Billy Bob Thornton's fresh out of jail in Levity as Manual Jordan, a murderer who returns to the scene of the crime after a 21 year sentence. Desperate to atone for his sins, Jordan's armed with a greying Cobain mullet, a thousand yard stare, and a kindly manner that's seized on by a God squad pastor (Morgan Freeman), who hires him as custodian at a ghetto community centre. A distinct lack of levity makes redemption a bore, as first time helmer Ed Solomon joins the dots on his own script.
Stumbling through the winter snow, harassed by flashbacks to his teenage crime, Jordan's a haunted soul in need of forgiveness. So gloomy he bores himself, Thornton plays him like a soft-spoken ghost of Christmas past with a faintly messianic edge - something wilfully exaggerated by cinematographer Roger Deakins, whose gorgeous but eventually cloying soft-focus lense work turns the ghetto's sunbeams and snow flakes into a vision of heavenly light.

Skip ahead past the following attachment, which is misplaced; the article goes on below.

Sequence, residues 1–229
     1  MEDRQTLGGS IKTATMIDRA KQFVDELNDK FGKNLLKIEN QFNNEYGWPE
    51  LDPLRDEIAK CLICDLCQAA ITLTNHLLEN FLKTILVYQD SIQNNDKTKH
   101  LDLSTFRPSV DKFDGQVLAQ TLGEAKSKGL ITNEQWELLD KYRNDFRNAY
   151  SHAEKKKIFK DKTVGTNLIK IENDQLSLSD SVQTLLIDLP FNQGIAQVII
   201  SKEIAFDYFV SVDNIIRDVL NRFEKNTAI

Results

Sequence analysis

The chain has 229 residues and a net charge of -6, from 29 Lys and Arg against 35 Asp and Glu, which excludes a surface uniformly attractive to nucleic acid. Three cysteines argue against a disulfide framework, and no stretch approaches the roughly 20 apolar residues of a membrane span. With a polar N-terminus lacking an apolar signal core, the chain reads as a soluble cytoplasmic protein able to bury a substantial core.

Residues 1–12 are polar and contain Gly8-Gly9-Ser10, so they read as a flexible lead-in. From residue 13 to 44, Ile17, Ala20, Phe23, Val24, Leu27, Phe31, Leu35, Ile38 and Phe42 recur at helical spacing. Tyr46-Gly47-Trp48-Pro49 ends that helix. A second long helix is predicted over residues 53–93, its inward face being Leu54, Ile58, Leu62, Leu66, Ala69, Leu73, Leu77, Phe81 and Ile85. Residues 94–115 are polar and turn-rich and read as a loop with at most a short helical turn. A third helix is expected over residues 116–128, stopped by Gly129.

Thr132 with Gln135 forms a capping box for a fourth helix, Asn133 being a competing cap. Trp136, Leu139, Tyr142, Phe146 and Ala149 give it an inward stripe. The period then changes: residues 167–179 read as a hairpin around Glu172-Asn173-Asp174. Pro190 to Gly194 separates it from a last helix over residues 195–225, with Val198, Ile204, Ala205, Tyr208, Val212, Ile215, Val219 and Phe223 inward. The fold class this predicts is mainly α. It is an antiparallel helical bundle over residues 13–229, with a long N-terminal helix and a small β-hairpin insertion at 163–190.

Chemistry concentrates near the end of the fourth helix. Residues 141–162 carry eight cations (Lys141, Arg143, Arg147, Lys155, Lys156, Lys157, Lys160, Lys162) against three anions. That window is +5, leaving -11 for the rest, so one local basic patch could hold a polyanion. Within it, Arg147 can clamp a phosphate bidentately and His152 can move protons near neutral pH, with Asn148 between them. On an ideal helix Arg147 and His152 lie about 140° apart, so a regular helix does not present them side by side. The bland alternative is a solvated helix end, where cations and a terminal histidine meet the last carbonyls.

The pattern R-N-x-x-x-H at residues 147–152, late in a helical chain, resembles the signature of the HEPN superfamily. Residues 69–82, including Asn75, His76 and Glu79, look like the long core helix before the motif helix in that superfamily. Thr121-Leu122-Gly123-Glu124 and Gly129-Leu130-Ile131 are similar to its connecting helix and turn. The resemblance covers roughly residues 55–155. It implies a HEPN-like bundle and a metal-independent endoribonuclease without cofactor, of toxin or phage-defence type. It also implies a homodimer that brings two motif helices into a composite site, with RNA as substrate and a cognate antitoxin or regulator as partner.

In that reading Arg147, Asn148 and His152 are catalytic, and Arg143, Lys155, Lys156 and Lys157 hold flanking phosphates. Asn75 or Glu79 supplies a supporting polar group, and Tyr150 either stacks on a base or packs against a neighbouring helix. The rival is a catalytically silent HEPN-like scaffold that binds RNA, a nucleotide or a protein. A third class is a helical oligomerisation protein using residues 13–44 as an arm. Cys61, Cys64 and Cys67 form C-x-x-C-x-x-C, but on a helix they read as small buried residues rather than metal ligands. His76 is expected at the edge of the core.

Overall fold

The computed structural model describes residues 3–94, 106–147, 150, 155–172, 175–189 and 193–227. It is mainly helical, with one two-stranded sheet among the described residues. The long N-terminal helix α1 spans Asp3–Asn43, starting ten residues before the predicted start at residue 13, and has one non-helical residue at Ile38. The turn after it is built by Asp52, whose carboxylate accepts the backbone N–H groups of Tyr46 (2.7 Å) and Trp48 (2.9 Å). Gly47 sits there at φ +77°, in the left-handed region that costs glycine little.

"HOLLY HUNTER STEALS SCENES"
A film of supporting players in search of a lead actor with a pulse, events only really come to life when one of the clogged up plot's secondary characters comes out to play: Holly Hunter steals scenes as the sister of Jordan's teenage victim, while Morgan Freeman puts on a funny voice to play his toking ghetto pastor. Kirsten Dunst gets saddled with the unlikely role of a rich kid clubber who learns to hang with the homeboys and give something back to the community.
Writer turned director Ed Solomon wants us to believe that this is a profound tale about sin and redemption, but there's probably more depth in the furrows of Thornton's permanently wrinkled brow. Solomon's previous screenwriting credits include Men In Black and the Bill & Ted movies - so perhaps he's just trying to atone for his own past sins. Whatever the case, brevity would have been more forgivable for all concerned.